Sunny California is facing a parched summer as the dreaded drought has returned with a vengeance. Record-setting high temperatures are baking an already parched state, forcing counties to once-again, ration, conserve, and take drastic measures to safeguard a precious resource.
While residents in the Central Valley are familiar with the watering rules, county officials are reminding residents to keep an eye on their water use by only watering their lawns, gardens, etc., on designated watering days.
Common sense rules still apply; water the lawn, not the sidewalk and don’t water in the afternoon.
But with the rain and snow totals coming in at an anemic 47 percent of average in the central Sierra Nevada watersheds — and last year’s totals coming in at 61 percent — the situation is dire enough to warrant attention.
Even if farmers and residents may not feel the pinch just yet.
“While sequential dry years, which we’ve experienced now in 2020 and now in 2021 are problematic for a good portion of the State, not so here in OID. I am pleased to say OID and their constituents will not see any interruption in agricultural water service this year, despite the dismal runoff statewide,” Steve Knell, Oakdale Irrigation District General Manager explained.
Knell said the benefit of strong senior water rights and a water conservation program that was implemented in 2006 and spending tens of millions of dollars in efficiency improvements that were designed to prepare the area for drought, are working as projected.
“It worked well in the 2012-2015 drought and is serving us again in this two-year drought,” Knell said.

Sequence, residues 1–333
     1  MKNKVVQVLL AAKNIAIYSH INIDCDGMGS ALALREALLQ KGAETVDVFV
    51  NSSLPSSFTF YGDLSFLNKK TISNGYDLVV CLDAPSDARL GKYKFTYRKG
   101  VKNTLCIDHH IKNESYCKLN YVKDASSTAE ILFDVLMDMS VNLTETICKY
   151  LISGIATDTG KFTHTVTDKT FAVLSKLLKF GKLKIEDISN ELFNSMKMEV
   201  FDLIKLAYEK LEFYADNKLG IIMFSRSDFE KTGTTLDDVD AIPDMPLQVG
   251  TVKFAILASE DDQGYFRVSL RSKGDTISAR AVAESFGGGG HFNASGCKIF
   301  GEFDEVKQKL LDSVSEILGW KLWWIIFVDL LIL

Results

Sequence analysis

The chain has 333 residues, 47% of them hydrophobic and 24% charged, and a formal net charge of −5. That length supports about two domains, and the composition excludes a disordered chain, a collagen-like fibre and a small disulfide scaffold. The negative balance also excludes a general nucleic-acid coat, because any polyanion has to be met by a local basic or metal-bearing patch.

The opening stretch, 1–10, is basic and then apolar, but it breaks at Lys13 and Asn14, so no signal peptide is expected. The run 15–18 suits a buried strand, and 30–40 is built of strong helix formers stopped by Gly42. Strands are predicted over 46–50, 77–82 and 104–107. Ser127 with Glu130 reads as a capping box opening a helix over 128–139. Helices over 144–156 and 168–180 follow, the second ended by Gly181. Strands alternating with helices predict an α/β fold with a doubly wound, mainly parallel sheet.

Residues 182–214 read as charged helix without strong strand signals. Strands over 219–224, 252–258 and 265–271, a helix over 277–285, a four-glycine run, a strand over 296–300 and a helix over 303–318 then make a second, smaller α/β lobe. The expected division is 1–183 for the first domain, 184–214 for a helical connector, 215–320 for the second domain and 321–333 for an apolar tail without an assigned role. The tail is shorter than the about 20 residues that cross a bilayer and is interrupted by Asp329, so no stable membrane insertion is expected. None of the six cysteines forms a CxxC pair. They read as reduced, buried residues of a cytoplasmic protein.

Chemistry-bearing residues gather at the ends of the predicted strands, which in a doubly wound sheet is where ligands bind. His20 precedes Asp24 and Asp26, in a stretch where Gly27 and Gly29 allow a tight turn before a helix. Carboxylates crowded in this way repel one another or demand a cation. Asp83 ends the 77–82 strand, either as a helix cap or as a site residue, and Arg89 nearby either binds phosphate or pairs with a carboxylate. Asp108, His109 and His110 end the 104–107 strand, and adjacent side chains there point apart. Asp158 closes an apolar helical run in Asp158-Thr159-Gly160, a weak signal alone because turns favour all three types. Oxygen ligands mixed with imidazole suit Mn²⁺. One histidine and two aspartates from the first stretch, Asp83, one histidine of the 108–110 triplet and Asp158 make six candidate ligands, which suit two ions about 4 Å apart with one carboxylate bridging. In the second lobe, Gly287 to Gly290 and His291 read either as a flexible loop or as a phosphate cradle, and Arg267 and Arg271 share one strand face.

However, even with effective water conservation measures, Knell reminded constituents that water is a precious resource and should be used reasonably at all times.
“OID is keeping a watchful eye on next year, and if it is a dry year, there may be some ratcheting down on water supplies depending on the extent of dryness we experience,” he shared. “We don’t particularly count on it being too much of an issue, but you never know what Mother Nature will throw your way, so we have to plan for that contingency.”
The City of Oakdale is also concerned about doing its part to conserve water by taking a proactive approach to helping the community improve their water conservation efforts.
“In the next utility bill mailing the City will be including a flyer in both English and Spanish that provides the outdoor watering schedule and various water conservation tips,” City Manager Bryan Whitemyer said.
Whitemyer added, over the last few years the City has invested in water system upgrades that allows the city to actively monitor water usage in the community.
“For example, we are able to run reports each month that show which addresses may have a leaking faucet, toilet or irrigation system. The City contacts those residents and lets them know that there may be a water leak somewhere in their home or in their yard. Once those leaks are fixed the water usage at the home typically goes down, as does their bill.”
Parks and Recreation crew members are continuously making efforts to irrigate the parks more efficiently. The City has invested in smart meters that notify crews if there are leaks in the various parks and they also use a work order system to identify areas where repairs are needed.
The City also has a Code Enforcement/Water Conservation Officer whose primary goal is to help educate community members on the water rules and to provide tips on how to conserve water. Door hangers are also placed on the front doors of homes where overwatering may be occurring. The door hanger includes information regarding the watering schedule rules.
As another helpful measure, the City also offers the complimentary service of setting irrigation timers for residents. If a resident needs help setting their automatic irrigation timer they can call (209) 845-3600 to set up an appointment for a water maintenance worker to assist them.